View on Mideast ‘Embarrassing’

Recently former President Jimmy Carter spoke out about the Palestinian-Israeli conflict as he visited Texas. He spoke of U.S. bias toward Israel, of Arab animosity toward the United States, because of a lack of progress in the peace process and he focused his criticism on the Israeli settlement policy.

His remarks were embarrassing.

It’s difficult, as a former supporter of Carter, to make this statement. It’s difficult to be so critical of a man who in so many aspects of his public life has been a role model.

Yet when a public figure takes positions that are so out of synch with objective fact and reality, even former supporters in the Democratic Party need to speak up.

This is not the first time in recent years that Carter has made his own biased view of the conflict public. Just last year at the ceremony marking the signing of the Yossi Beilin-Yasser Abed Rabbo Geneva initiative, Carter mentioned Palestinian terrorism in passing but left the strong impression that the bulk of the blame for a stalled peace process rests with Israeli "colonization" of Gaza and the West Bank.

In Texas, the ex-president went further. First, he linked animosity in the Arab world toward the United States to the lack of progress in dealing with the Palestinian issue. This is like linking Arab animosity toward the United States with the sun rising every morning.

Yes, our support for Israel’s security creates difficulties for us in the Arab world. But no, Arab animosity toward the United States is far from simply a function of U.S.-Israel friendship.

Moreover, perhaps for a clear majority in the Arab world — and a clear majority of Palestinians today — nothing short of American support for Israel’s disappearance would suffice.

Finally, as the vast number of foreign policy advisers in both parties would agree, the No. 1 — though not the only — roadblock to progress on the peace process is the failure of any Palestinian leadership to stop the violence and negotiate a compromise agreement in good faith.

Carter also criticized the current administration for always supporting the Sharon government and contrasted that stand with the more "balanced" record of past administrations. Here, too, Carter is simply wrong.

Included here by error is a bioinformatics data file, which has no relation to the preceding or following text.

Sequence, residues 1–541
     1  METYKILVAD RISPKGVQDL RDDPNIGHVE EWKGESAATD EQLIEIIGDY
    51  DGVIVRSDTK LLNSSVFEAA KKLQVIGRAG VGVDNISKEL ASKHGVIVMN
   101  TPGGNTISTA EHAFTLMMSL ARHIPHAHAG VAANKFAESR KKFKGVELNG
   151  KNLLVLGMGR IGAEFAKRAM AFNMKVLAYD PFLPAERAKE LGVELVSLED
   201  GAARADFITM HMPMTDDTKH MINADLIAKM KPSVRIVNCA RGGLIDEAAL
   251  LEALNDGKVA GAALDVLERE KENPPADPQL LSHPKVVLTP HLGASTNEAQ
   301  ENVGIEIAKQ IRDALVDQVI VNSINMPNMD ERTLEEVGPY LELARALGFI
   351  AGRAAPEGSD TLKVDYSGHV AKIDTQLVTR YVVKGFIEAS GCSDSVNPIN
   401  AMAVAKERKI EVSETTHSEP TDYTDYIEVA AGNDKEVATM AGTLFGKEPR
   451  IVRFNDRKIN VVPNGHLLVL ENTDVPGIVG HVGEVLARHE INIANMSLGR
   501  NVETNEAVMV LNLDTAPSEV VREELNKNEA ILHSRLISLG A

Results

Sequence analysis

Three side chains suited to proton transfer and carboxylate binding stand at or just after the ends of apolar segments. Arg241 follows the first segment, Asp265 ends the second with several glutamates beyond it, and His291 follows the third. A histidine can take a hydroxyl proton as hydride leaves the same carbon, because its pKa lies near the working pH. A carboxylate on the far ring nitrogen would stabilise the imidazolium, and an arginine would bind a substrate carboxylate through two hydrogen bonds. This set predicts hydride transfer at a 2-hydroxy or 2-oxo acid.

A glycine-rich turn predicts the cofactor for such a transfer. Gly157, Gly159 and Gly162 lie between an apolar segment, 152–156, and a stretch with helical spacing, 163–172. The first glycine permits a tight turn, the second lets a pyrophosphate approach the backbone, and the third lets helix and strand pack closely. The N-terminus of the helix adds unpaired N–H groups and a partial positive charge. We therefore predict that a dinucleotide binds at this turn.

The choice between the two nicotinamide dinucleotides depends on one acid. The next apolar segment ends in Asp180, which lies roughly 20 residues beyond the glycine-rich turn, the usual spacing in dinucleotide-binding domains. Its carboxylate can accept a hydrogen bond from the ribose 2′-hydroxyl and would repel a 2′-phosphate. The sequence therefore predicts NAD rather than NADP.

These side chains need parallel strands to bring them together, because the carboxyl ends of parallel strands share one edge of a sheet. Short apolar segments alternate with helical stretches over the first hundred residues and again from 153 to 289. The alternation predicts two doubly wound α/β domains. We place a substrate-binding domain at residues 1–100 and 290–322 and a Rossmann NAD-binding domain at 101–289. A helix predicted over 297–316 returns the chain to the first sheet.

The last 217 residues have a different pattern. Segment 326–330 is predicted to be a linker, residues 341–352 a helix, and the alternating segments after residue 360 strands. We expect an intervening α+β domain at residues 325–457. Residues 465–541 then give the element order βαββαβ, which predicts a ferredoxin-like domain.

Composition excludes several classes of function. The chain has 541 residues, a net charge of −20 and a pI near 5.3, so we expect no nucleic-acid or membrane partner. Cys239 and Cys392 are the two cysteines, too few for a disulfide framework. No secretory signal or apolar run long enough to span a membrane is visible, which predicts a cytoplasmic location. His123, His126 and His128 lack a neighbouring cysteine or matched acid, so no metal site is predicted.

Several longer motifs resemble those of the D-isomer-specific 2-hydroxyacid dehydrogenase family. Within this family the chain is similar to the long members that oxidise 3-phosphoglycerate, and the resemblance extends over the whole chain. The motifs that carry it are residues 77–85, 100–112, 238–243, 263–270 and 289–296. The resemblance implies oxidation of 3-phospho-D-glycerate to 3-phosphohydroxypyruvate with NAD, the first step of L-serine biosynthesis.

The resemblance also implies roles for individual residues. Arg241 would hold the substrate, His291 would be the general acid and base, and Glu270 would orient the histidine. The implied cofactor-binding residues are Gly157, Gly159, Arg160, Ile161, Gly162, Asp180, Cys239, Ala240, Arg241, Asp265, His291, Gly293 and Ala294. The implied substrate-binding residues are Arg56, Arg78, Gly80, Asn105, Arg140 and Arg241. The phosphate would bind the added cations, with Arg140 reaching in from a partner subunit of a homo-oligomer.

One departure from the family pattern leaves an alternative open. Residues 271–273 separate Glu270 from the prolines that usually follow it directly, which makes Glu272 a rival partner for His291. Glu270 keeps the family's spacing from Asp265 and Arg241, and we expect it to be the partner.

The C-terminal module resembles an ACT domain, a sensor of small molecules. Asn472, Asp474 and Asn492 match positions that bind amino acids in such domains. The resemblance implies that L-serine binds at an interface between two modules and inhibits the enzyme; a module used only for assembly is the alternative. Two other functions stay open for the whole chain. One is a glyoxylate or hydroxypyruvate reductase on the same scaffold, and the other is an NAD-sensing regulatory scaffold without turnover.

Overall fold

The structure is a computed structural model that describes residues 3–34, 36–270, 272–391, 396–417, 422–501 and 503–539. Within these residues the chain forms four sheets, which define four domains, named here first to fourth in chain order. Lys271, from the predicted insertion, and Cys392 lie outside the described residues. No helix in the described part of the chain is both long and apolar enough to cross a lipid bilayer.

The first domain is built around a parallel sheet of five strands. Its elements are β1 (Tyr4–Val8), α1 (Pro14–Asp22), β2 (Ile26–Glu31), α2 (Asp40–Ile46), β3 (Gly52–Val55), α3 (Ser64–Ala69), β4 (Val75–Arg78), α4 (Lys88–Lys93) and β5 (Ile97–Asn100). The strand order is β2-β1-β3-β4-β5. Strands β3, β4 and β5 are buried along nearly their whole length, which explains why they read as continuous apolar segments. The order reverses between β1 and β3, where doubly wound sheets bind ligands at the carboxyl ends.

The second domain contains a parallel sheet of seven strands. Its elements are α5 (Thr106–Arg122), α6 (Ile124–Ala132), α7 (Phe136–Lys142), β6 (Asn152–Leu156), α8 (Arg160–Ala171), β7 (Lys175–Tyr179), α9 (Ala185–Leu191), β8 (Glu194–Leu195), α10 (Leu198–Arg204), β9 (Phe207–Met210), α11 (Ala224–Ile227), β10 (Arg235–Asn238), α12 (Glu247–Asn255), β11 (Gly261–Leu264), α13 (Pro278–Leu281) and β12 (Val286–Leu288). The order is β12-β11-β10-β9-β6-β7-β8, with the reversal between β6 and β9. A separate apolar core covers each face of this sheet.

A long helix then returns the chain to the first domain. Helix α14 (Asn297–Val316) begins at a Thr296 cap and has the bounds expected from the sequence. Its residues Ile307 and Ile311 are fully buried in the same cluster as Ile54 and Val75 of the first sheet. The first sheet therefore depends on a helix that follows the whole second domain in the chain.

Israeli government decisions may not always be deserving of U.S. support, and the Bush Administration has publicly criticized many of those decisions — witness President Bush’s remarks in the heat of the second intifada in April 2002 and last years’ open pressure on Israel to change the course of the security fence. The Bush administration is also the first American administration to forthrightly endorse a Palestinian state as part of a two-state solution to the Israeli-Palestinian conflict.

Finally, Carter returned to the issue of settlement policy in again criticizing the Bush administration for its lack of balance. This is like criticizing the United States for not being balanced because it sided with Czechoslovakia not Germany during the Munich crisis of 1938.

In the end, what makes the Carter analysis of the Middle East crisis so embarrassing is its absolute lack of fairness. The former president totally ignores the history of the 2000 Camp David negotiations and the subsequent White House meetings of January 2001, when he places the lion’s share of the blame for the collapse of the peace process on Israel. Carter seems to be oblivious to the clear history of Yasser Arafat’s duplicity, and his support for the most odious forms of terror.

When he is being most "fair," our ex-president seems to equate Israeli retaliation with the most savage of Palestinian terrorism against women and children. He appears to choose to ignore the viciousness of the total rejection of Israel’s right to exist — under any circumstances — by not just Hamas but much of the rest of the Palestinian current political universe

Carter, how could you be so blind? No, Israel is not always right. But how could your analysis of the root causes of this conflict so ignore the dysfunctional nature of much of Palestinian nationalism?

Democrats like myself are not anxious to criticize our ex-president in such blunt terms.

It saddens us to publicly criticize the views of a man who clearly cares deeply about his country and the importance of public service. But to fail to do so may leave the impression that he speaks for the Democratic Party. He does not.

And his positions on this issue stand in direct contradiction to our last four presidential nominees, as well as our current presumptive nominee, Sen. John Kerry (D-Mass).